Beethoven: Works for cello & piano (complete)

Our rating 
4.0 out of 5 star rating 4.0

COMPOSERS: Beethoven
LABELS: Philips
WORKS: Works for cello & piano (complete)
PERFORMER: Adrian Brendel (cello), Alfred Brendel (piano)
CATALOGUE NO: 475 379-2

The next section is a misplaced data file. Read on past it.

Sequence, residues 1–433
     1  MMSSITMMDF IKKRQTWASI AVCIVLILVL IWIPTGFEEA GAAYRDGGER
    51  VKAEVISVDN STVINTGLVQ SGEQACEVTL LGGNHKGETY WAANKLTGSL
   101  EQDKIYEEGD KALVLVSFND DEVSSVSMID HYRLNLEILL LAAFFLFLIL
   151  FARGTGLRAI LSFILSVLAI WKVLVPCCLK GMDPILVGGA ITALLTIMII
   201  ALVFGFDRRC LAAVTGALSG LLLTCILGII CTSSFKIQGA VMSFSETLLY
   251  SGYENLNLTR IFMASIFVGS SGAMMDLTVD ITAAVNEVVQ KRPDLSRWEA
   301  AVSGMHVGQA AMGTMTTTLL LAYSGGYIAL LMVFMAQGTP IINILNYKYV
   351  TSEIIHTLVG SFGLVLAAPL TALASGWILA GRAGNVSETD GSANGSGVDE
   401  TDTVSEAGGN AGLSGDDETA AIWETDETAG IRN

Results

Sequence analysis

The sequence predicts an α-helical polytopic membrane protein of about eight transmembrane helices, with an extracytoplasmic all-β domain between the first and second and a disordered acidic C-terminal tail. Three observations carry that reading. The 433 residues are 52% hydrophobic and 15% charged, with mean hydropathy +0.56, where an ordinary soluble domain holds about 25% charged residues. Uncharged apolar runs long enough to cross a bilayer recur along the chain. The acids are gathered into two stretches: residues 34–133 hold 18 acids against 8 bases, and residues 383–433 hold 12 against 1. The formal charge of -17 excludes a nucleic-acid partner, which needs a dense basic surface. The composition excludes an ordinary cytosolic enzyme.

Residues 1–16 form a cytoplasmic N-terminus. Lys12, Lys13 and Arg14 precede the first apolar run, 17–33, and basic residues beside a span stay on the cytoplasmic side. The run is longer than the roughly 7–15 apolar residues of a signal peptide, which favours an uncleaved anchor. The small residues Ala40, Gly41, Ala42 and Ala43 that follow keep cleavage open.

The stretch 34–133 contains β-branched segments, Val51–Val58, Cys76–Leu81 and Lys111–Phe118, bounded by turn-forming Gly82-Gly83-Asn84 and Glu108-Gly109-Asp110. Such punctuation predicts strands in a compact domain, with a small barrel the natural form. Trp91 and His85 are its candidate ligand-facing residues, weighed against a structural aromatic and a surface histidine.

In terms of sound quality these two sets couldn’t be much more different. The Philips recordings are intimate but somewhat airless (not much space round the performers), while the ECM is very spacious – not quite swimming-bath, but a long way from the kind of cosy salon environment historically associated with this kind of music. As to the playing, András Schiff is, as ever, an immaculate pianist. Immaculate can also mean impersonal, and in one or two of Schiff’s recent recordings that has been the lasting effect. But not here. It’s partly the partnership with Miklós Perényi that gives the music-making such sparkle and vitality, though those qualities are also very much apparent in the first two sonatas where the cello often takes a subordinate role. But there’s also a gripping sense of purpose, symphonic in essence, but never forgetting that this is chamber music: intimate and subtle in scale and detail. I particularly like the way Schiff and Perényi handle transitions: always key moments in Beethoven’s musical arguments. The fugal finale theme of Op. 102 No. 2 almost floats free of the ending of the slow movement – the effect compensating for a slightly lightweight quality in the Adagio’s closing pages – while the emergence of the finale theme in Op. 102 No. 1 is a moment of exquisite wit. There is some finely articulate, sensitive playing from the Brendels, too, and yes, they do work together like a ‘family’ team, at times clearly enjoying responding to each other’s phrasing and accentuation – especially, it seemed to me, in the relatively lightweight sets of Variations, Op. 66 and WoO 45. But overall there’s a slightly low-key feeling after Schiff and Perényi. The hushed dialogues at the start of Op. 102 No. 1 are lovely, but when it comes to the allegros I miss the Schiff-Perényi energy, bright clarity and superb shaping of long phrases. Apart from the quirkily brilliant Hidemi Suzuki and Yoshiko Kojima on period instruments (Deutsche Harmonia Mundi), no modern version has as much to offer musically as the ECM set. So a qualified recommendation for Schiff and Perényi: I’d sample the recorded sound before buying, just to be on the safe side. Stephen Johnson